Fiftieth Anniversary of United Nations Industrial Development Organization
The United Nations Industrial Development Organization (UNIDO) celebrated its 50th anniversary last week as experts, policy makers and government representatives from across the world gathered at the organization’s Vienna headquarters to discuss its future work.
Formed in November 1966, the specialist agency, which assists developing and middle income countries achieve sustainable industrial development, has been the driver behind thousands of successful initiatives to improve the lives of millions of the world’s poor.
In 2016 UNIDO has 839 ongoing projects across the world worth a total of almost $1.2 billion. These initiatives aim to share prosperity in communities and increase their economic competitiveness while safeguarding the local environment.
Looking to the future, UNIDO’s Director General, Li Yong says that the organization can help to create jobs and conditions which might prevent future refugee crises, “Our piloting program supporting African countries, Ethiopia and Senegal, to focus on the industrial parks, special economic zones and agro-industrial parks are generating thousands of jobs which will help resolve the issue of refugees and migrations,” he said, “and at the same time in the long run supporting poverty elevation in the region.”
Jin Liqun, president of the Asian Infrastructure Investment Bank, said his bank, along with UNIDO, would continue to push for industrial development whilst also improving the environment, “First of all, we embrace the noble and great cause of inclusive and sustainable development,” said Lin. “This is crucially important for so many developing countries on the way to industrialization and development for all. What’s most important is that we are not going to follow the beaten track of the western countries in the previous centuries. We aim at industrialization at a high level, which means we will improve the environment and development at the same time.”
UNIDO typically it implements pilot projects with funds from donors, then finds partners to either fund the next phase or take UNIDO’s approach and replicate it. In the early 1990s the organization developed a multi-functional platform to generate energy in remote areas that were not connected to national electricity grids. Within a few years the Bill and Melinda Gates Foundation and the UN Development Program had replicated the model in 3,000 villages across Africa.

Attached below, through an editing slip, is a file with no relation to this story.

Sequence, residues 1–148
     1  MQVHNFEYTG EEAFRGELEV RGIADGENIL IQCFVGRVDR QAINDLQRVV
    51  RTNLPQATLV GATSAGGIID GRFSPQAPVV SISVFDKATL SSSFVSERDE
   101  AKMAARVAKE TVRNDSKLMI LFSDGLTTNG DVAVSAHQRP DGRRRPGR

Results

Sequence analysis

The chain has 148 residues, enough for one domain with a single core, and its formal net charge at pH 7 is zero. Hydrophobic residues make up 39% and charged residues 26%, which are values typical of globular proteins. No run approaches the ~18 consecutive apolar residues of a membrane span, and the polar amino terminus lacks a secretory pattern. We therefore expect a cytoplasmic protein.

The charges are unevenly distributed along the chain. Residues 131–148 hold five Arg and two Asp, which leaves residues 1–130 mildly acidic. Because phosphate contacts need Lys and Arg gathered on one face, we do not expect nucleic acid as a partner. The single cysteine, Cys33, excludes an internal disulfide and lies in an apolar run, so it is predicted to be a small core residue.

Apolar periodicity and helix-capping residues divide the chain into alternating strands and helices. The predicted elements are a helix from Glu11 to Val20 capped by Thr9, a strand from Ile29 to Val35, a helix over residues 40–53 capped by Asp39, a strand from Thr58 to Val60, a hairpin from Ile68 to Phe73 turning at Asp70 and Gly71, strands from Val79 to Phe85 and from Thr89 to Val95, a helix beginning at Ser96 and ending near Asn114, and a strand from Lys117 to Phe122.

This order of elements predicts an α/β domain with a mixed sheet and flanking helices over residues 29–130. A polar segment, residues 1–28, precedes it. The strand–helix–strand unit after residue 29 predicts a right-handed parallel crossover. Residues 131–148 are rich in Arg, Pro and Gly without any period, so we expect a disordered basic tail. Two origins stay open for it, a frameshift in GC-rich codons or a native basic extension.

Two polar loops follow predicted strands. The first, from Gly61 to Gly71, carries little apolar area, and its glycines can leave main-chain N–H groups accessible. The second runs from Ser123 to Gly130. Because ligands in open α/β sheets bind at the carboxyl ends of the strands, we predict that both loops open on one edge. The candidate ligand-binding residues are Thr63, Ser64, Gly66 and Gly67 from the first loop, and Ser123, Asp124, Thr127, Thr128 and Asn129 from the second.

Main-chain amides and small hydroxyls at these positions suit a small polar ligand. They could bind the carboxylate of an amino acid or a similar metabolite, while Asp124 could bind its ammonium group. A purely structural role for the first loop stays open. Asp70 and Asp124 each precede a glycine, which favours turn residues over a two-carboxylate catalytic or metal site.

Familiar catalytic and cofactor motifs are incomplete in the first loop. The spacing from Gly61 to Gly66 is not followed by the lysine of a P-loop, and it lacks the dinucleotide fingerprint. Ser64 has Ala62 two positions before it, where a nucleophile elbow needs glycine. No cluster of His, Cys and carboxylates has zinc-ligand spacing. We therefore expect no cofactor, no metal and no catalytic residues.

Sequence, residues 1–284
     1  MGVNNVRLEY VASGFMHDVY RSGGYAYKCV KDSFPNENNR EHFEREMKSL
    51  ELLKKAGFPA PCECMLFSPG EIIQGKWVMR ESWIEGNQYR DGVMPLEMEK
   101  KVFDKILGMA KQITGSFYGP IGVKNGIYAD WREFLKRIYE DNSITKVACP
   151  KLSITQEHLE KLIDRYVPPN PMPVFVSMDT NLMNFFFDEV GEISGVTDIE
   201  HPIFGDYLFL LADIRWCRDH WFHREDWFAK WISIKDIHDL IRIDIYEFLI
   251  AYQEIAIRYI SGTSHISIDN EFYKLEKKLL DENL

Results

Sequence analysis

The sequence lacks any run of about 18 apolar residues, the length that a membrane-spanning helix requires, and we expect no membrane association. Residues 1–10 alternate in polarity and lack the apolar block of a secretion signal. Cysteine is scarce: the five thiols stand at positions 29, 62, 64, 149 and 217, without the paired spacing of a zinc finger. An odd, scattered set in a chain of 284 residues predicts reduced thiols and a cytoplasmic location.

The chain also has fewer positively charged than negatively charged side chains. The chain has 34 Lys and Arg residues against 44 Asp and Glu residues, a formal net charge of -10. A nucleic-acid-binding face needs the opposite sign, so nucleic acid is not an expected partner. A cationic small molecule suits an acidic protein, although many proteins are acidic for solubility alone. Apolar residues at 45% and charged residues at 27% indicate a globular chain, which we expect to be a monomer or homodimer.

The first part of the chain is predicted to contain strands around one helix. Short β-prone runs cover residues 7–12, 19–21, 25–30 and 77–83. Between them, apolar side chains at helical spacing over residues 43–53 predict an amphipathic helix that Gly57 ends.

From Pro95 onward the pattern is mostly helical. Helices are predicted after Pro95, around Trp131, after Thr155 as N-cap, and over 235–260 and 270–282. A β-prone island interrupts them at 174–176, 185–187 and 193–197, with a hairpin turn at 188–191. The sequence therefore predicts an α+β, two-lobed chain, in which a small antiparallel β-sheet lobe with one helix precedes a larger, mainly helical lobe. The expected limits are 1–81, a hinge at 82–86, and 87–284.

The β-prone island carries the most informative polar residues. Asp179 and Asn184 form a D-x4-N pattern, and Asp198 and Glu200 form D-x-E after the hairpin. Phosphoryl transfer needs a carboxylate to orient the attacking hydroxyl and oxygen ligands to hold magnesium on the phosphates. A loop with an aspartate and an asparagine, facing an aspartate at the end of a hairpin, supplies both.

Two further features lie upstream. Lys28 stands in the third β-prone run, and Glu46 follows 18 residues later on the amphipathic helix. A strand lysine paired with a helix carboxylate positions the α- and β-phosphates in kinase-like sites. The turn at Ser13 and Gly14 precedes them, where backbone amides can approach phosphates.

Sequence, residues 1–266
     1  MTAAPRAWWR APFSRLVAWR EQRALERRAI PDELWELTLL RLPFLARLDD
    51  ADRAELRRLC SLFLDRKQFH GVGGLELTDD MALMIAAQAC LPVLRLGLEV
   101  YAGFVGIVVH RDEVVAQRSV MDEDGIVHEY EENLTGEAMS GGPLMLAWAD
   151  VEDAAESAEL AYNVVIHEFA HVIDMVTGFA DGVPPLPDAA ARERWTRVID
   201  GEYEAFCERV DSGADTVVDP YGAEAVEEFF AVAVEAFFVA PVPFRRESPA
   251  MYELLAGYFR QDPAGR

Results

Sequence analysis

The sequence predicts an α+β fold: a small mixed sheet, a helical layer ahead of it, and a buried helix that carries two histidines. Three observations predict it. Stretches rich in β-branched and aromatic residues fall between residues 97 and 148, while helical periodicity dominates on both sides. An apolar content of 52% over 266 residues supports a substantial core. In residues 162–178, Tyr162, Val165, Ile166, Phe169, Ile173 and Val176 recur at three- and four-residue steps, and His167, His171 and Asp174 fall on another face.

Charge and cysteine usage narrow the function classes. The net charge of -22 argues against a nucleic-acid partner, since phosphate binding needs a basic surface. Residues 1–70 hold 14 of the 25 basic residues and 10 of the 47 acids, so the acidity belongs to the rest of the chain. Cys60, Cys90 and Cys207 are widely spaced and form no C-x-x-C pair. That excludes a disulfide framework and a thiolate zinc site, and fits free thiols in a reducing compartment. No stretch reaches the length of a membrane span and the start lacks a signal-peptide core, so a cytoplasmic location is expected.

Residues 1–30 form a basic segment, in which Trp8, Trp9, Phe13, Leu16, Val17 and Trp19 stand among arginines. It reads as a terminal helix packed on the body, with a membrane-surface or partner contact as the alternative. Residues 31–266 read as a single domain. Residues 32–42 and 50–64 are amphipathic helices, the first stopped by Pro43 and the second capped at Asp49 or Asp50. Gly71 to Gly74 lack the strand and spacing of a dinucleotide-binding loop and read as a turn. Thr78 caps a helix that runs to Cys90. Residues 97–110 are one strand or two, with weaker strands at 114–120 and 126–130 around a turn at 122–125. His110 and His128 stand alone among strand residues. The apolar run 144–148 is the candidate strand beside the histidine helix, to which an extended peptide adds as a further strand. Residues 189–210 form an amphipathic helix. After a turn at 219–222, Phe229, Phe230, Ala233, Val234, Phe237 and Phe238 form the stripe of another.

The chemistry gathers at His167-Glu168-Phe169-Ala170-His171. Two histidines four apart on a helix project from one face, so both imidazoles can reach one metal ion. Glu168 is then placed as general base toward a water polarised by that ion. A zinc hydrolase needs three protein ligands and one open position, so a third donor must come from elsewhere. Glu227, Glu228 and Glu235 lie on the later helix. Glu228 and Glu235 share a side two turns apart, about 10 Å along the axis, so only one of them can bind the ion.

UNIDO has also developed a new type of assistance: the Programme for Country Partnership, a custom-built package for each country which brings key stakeholders together. In Ethiopia the agency worked on the feasibility of an industrial park. The World Bank contributed $250 million funding. UNIDO then continued to provide operational support for the park.
Other examples of successful UNIDO projects from the last decade in clude helping build seven solar power stations in the Zanzan region of Côte d’Ivoire, bringing clean, affordable and sustainable power, so allowing everyone to share in the benefits of industrialization.
In Mali, a project has helped women in poor, remote areas produce and export tons of organic shea butter for further processing in Europe. The skills learned by the women have helped reduce poverty, enabled their children to go to school, and have opened up international trade to Mali.
In Sierra Leone, high transport costs and poor infrastructure mean that farmers are forced to sell their goods locally but with no guarantee they’ll find buyers at local markets for cassava, a staple root vegetable. UNIDO projects have helped farmers get a guaranteed place to sell their produce beyond their localities.
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